- Brad Brevet <mail@boxofficemojo.com>

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Deep seems like a cheap Finding Nemo rip-off, then Boom, dystopia!

4 August 2017 2:09 PM, PDT | JoBlo.com | See recent JoBlo news »

Not going to lie guys, it's been a pretty slow news day today. So while sifting through different stories, I come across a cheap looking animated film from Lionsgate that looked like to cash in on Finding Nemo almost 15 years too late. Maybe could make for a funny article, I thought. At this point I'm desperate. Then I watch it, and yep, seems like a pretty standard Pixar rip-o...wait, are... Read More »

- Damion Damaske

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'Wolf Warrior 2' rules international box office (update)

30 July 2017 10:18 AM, PDT | ScreenDaily | See recent ScreenDaily news »

July 31 Update: Dunkirk top Hollywood film; Despicable Me becomes eighth biggest animation internationally.

Chinese action tentpole Wolf Warrior 2 grossed an estimated $125m at the weekend as the early tally climbed to $142m.

Jing Wu directs the story centres of a special forces operative pulled back into service when mercenaries terrorise nearby villagers.

The H Collective, the venture launched recently with backing from Chinese businessman Jian-hua ‘Kenny’ Huang, holds North and South American rights on the sequel to the 2015 film that grossed $80m in China.

Warner Bros Pictures International

Update: Dunkirk grossed $45.8m from 12,758 screens in 63 markets, dropping just 38% from last week. The war film stands at $131.5m internationally and has crossed the $200m worldwide mark on $232.8m.

Latin America produced $6.7m in opening weekend, tracking ahead of both Inception and American Sniper

European, Middle East and African territories experienced a 27% drop from opening weekend and are still tracking ahead of American Sniper and Interstellar and remain on par »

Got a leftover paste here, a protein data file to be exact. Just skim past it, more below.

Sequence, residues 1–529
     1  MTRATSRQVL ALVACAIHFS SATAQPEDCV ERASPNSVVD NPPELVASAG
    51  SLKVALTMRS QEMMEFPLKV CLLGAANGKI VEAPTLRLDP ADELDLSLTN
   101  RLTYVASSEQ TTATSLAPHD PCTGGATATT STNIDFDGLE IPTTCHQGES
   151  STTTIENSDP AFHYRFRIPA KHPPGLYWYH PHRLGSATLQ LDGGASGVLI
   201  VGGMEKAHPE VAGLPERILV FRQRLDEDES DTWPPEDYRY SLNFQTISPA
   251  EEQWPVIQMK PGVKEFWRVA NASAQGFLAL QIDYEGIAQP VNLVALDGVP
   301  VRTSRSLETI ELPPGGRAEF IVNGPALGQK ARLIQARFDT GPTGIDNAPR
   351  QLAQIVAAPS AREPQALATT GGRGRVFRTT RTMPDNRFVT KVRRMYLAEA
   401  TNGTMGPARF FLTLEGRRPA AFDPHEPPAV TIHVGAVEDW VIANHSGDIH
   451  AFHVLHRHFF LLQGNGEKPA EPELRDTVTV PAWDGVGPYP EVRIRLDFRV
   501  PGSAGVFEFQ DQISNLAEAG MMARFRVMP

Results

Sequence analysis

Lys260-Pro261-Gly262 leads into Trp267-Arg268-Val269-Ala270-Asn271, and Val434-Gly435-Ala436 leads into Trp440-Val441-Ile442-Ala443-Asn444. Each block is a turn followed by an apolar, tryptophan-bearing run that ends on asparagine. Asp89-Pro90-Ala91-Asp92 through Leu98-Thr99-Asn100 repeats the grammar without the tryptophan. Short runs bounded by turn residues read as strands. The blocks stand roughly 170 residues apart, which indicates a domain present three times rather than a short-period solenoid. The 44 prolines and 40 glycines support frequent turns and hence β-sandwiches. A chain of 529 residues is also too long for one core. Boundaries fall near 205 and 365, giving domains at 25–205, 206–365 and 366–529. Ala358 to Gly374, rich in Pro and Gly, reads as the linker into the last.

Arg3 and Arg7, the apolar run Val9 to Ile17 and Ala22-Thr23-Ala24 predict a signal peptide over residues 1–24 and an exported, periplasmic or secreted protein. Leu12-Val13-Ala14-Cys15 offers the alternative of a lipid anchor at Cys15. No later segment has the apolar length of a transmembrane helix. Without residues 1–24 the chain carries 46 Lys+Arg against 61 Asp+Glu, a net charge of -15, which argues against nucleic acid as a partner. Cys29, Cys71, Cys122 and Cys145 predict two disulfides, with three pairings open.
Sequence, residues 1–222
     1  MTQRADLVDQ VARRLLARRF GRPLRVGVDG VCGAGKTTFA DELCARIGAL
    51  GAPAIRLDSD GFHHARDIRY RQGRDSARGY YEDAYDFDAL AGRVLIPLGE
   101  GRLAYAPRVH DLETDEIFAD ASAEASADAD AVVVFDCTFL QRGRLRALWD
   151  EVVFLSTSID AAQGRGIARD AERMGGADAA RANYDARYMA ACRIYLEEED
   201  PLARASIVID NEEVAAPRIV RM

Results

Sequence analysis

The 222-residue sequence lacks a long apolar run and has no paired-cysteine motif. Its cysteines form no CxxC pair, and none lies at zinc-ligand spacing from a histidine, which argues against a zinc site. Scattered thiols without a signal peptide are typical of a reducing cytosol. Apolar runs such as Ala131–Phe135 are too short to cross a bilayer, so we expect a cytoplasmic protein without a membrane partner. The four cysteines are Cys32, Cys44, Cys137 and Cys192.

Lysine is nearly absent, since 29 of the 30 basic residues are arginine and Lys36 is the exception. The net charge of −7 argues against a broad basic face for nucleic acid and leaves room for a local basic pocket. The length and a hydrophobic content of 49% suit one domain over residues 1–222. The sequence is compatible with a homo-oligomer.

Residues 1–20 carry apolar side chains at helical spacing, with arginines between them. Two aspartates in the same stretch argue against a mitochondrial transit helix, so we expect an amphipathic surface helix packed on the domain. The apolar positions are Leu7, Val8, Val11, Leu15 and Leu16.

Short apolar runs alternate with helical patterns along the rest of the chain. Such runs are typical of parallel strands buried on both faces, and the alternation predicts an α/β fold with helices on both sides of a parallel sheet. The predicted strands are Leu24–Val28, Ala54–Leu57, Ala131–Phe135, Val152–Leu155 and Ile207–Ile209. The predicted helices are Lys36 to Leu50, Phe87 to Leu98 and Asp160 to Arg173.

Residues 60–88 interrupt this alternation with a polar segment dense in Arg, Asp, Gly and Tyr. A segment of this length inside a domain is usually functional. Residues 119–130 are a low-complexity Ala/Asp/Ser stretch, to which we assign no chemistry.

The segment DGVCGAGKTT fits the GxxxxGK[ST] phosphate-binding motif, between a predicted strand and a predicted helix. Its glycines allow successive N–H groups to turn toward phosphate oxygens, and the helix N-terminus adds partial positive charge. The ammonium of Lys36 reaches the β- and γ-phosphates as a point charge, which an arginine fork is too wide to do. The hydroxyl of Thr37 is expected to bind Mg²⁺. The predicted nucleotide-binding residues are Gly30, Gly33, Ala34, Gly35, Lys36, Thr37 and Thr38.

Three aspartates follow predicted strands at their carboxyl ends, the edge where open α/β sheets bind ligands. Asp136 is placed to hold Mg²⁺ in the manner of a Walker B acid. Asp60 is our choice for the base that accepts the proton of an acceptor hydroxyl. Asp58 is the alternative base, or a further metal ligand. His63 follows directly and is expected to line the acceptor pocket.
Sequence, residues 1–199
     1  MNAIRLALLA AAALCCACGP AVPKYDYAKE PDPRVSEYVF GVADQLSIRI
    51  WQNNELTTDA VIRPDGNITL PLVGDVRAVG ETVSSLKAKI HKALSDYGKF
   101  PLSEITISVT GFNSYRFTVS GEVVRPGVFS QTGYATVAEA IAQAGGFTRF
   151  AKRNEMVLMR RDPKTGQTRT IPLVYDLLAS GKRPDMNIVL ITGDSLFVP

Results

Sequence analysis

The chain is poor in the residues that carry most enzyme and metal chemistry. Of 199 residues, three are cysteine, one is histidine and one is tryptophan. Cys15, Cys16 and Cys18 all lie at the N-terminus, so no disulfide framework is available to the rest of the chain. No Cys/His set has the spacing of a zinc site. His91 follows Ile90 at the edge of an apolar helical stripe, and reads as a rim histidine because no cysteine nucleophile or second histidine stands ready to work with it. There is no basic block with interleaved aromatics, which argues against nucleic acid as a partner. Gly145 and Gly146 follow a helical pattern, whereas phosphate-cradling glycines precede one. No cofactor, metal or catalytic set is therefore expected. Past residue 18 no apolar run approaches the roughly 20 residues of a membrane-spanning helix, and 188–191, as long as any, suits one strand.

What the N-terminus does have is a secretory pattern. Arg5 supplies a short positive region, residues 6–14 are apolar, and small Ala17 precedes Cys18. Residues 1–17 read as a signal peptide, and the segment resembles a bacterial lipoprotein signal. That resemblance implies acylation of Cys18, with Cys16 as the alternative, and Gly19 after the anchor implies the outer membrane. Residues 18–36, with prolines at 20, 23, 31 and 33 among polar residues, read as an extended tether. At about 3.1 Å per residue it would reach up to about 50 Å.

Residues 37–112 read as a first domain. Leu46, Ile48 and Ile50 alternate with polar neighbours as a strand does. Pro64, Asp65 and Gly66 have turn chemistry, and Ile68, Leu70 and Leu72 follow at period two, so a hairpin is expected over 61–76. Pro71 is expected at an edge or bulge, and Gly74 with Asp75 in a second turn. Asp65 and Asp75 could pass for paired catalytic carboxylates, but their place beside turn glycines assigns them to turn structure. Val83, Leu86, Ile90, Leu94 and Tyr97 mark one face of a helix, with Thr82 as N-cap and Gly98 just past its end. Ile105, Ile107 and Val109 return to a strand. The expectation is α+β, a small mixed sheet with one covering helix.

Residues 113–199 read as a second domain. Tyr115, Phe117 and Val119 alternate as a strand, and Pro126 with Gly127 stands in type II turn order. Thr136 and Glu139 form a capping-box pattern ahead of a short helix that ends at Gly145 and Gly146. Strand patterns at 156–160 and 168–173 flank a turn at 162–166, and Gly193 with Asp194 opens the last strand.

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'Wolf Warrior 2' rules international box office (updated)

30 July 2017 10:18 AM, PDT | ScreenDaily | See recent ScreenDaily news »

Dunkirk top Hollywood film; Despicable Me becomes eighth biggest animation internationally.

Chinese action tentpole Wolf Warrior 2 grossed an estimated $125m at the weekend as the early tally climbed to $142m.

Jing Wu directs the story centres of a special forces operative pulled back into service when mercenaries terrorise nearby villagers.

The H Collective, the venture launched recently with backing from Chinese businessman Jian-hua ‘Kenny’ Huang, holds North and South American rights on the sequel to the 2015 film that grossed $80m in China.

Warner Bros Pictures International

Update: Dunkirk grossed $45.8m from 12,758 screens in 63 markets, dropping just 38% from last week. The war film stands at $131.5m internationally and has crossed the $200m worldwide mark on $232.8m.

Latin America produced $6.7m in opening weekend, tracking ahead of both Inception and American Sniper

European, Middle East and African territories experienced a 27% drop from opening weekend and are still tracking ahead of American Sniper and Interstellar and remain on par with »

Permalink | Report a problem